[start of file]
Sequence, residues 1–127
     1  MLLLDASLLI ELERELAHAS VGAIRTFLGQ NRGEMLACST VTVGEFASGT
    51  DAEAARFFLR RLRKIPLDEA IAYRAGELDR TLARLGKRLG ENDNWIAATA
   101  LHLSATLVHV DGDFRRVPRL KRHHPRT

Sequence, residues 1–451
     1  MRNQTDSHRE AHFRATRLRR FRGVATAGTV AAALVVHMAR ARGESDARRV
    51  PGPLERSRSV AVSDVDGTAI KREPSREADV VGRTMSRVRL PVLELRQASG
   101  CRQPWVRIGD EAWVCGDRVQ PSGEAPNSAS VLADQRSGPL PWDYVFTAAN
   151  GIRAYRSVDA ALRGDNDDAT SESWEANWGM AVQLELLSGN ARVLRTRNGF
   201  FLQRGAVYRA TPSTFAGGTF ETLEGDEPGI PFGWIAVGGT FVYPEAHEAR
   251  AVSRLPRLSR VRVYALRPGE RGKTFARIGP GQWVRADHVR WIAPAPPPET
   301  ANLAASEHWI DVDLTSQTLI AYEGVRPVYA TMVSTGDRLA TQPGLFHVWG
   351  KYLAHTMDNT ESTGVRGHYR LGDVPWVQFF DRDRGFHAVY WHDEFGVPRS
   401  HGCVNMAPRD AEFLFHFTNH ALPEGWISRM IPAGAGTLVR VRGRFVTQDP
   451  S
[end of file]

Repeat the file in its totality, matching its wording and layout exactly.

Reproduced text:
Sequence, residues 1–127
     1  MLLLDASLLI ELERELAHAS VGAIRTFLGQ NRGEMLACST VTVGEFASGT
    51  DAEAARFFLR RLRKIPLDEA IAYRAGELDR TLARLGKRLG ENDNWIAATA
   101  LHLSATLVHV DGDFRRVPRL KRHHPRT

Sequence, residues 1–451
     1  MRNQTDSHRE AHFRATRLRR FRGVATAGTV AAALVVHMAR ARGESDARRV
    51  PGPLERSRSV AVSDVDGTAI KREPSREADV VGRTMSRVRL PVLELRQASG
   101  CRQPWVRIGD EAWVCGDRVQ PSGEAPNSAS VLADQRSGPL PWDYVFTAAN
   151  GIRAYRSVDA ALRGDNDDAT SESWEANWGM AVQLELLSGN ARVLRTRNGF
   201  FLQRGAVYRA TPSTFAGGTF ETLEGDEPGI PFGWIAVGGT FVYPEAHEAR
   251  AVSRLPRLSR VRVYALRPGE RGKTFARIGP GQWVRADHVR WIAPAPPPET
   301  ANLAASEHWI DVDLTSQTLI AYEGVRPVYA TMVSTGDRLA TQPGLFHVWG
   351  KYLAHTMDNT ESTGVRGHYR LGDVPWVQFF DRDRGFHAVY WHDEFGVPRS
   401  HGCVNMAPRD AEFLFHFTNH ALPEGWISRM IPAGAGTLVR VRGRFVTQDP
   451  S